We took a break last week, so thanks to everyone who commented and read my first movie review. Sometimes inspiration just hits you, and you have to run with it.
This week, let’s wrap up Chapter 2. The rest of this chapter is about organizing information for your audience. Many of us are aware that our attention spans are shorter, and the world moves much faster than it used to. We want information in chunklets, and we want to be able to scan without reading. Although, I’m a little sad that every precious word isn’t read, I get it. I do the same thing.
To practice what I’ve read, here are the most effective ways to write content for your audience:
- Keep thoughts and sentences short for reader’s attention span.
- The most important goes at the top. See the inverted pyramid.
- Write a strong lead.
- Avoid semicolons and multiple commas because they are hard to see on screen.
- Use bullets and lists to organize info.
Felder focuses this week’s exercises on attention to detail and brevity. These assignments were especially challenging because it’s difficult to be detailed and brief. The one below was my favorite, and I used one of my favorite books – Harry Potter and the Half-Blood Prince – instead of an author. I admit, it’s pretty cool to work with Harry Potter.
Find a sentence by your favorite author. Every writer can improve. Take that sentence and revise it so it follows the best practices from the Web.
125 words – J.K. Rowling, Harry Potter and the Half-Blood Prince
This was pure imagination, however, as he had had no opportunity to tell Hermione what he had overheard. She had disappeared from Slughorn’s party before he returned to it, or so he had been informed be an irate McLaggen, and she had already gone to bed by the time he returned to the common room. As he and Ron had left for the Burrow early the next day, he had barely had time to wish her a happy Christmas and to tell her that he had some very important news when they got back from the holidays. He was not entirely sure that she had heard him though; Ron and Lavender had been saying a thoroughly nonverbal goodbye just behind him at the same time.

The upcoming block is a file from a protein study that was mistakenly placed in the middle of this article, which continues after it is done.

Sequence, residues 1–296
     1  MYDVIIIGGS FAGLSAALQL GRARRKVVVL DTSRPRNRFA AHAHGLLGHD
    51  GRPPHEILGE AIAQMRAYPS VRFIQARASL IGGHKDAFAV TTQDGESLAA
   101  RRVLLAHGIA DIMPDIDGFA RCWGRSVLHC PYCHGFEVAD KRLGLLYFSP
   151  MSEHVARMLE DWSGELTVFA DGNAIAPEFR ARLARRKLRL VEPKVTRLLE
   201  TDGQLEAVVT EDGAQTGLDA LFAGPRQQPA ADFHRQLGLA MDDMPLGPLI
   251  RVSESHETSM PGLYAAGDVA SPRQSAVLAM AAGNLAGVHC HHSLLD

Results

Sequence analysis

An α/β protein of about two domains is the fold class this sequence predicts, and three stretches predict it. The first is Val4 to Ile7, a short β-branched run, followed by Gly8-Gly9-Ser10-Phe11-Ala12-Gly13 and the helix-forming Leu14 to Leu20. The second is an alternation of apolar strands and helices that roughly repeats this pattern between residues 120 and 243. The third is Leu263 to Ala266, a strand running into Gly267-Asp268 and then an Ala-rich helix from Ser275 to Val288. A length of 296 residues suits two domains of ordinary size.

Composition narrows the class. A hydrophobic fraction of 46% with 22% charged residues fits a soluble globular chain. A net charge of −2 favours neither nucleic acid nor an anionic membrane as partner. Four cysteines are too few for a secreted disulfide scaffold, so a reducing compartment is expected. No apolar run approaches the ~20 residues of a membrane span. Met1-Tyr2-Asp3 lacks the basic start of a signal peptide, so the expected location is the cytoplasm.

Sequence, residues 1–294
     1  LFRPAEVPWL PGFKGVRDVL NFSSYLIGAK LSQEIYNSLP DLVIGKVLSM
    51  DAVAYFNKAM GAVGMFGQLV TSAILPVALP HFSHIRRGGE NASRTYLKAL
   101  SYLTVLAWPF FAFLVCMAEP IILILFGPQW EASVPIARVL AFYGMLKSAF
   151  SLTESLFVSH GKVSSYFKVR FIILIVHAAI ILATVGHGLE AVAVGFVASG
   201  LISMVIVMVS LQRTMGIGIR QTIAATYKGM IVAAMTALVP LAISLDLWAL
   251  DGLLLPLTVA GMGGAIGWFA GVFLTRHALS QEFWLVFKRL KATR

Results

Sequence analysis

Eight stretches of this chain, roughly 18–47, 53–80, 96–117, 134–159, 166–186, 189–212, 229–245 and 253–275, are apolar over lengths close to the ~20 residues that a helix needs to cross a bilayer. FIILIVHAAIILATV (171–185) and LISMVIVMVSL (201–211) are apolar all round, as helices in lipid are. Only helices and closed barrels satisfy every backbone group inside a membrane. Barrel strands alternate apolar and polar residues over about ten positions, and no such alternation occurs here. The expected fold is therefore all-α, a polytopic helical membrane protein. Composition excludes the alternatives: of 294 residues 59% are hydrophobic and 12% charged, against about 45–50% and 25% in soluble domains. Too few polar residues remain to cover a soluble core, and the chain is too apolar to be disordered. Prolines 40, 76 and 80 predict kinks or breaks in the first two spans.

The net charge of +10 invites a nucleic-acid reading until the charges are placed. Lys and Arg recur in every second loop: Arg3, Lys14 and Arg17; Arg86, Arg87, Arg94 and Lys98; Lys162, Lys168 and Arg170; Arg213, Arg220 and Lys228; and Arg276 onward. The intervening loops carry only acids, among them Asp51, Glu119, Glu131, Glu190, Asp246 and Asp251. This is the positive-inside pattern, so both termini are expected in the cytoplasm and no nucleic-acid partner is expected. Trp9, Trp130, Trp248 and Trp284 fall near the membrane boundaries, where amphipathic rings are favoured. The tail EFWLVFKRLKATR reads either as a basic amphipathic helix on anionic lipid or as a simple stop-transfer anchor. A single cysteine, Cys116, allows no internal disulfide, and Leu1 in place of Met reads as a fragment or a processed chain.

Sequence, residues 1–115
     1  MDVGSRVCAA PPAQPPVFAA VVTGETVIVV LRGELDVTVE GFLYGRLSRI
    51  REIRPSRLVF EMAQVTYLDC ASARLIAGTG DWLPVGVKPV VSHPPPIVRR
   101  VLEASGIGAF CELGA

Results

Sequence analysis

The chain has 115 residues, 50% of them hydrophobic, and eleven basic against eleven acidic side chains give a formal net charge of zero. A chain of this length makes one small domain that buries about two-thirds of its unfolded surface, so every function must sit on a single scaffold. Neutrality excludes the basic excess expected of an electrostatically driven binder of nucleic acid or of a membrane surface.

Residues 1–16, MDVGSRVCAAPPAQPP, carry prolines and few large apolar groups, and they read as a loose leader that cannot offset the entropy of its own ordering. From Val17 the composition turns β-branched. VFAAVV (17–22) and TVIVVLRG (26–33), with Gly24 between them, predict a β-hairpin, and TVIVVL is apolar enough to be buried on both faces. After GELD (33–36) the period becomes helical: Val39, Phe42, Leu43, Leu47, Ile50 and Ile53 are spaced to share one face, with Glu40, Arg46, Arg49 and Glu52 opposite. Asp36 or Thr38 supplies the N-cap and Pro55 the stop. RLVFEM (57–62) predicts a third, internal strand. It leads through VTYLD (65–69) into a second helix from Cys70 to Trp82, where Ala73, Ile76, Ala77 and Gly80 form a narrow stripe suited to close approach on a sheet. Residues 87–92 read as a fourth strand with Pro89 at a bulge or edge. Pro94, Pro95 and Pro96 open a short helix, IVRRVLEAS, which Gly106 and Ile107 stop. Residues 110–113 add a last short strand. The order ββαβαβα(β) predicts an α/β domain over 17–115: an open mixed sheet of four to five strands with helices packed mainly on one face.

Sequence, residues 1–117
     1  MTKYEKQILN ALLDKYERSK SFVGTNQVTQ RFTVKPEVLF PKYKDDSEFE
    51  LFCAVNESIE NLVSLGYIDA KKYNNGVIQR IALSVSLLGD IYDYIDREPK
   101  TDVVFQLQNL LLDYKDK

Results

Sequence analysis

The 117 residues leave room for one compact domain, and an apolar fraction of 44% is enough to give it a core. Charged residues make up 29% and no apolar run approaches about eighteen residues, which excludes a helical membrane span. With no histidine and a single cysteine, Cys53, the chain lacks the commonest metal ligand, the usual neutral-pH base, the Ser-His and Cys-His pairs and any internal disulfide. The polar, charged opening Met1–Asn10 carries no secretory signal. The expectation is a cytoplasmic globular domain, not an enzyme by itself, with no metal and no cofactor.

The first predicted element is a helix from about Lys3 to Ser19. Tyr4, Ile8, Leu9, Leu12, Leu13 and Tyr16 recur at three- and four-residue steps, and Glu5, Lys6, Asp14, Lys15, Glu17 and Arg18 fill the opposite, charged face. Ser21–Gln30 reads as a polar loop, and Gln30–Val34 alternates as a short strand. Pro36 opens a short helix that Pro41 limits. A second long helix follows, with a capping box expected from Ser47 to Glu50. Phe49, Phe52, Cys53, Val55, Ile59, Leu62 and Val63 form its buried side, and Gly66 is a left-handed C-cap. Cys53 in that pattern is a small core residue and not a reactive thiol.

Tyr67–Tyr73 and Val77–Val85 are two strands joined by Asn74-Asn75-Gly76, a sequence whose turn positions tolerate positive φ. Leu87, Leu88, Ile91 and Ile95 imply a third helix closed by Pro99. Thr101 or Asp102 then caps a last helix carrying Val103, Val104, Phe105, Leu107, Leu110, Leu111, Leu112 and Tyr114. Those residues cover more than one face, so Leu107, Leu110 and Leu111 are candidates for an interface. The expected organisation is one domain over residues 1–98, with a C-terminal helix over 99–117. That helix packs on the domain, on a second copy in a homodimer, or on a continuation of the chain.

98 words – R. Petty, Writing for Web
Harry couldn’t find Hermoine to tell her what he had overheard. An irate McLaggen explained she left the party early, and she was in bed by the time Harry returned to the common room. The next day as he and Ron left for the Burrow, she rushed out so quickly he barely had time to wish her a Happy Christmas. He tried to explain that he needed to see her after the holidays, but he was not sure she heard him. Ron and Lavender had been saying a thoroughly nonverbal goodbye just behind him at the same time.
There are several differences in the above examples. I think Rowling’s is written well, however I learned she uses the word ‘had’ too much. I left the last sentence as is because I liked the way she words it. It could be shorter and more direct for Web, but it wouldn’t be as subtle or fun. I did get rid of the semicolon, so I followed one rule. As you can see, by writing for Web I managed to cut 27 words from the paragraph. I’m curious if it made a difference.
So, here’s my question for you: Did you read each word, or have you skimmed this entire post? What keeps your attention? Leave replies below!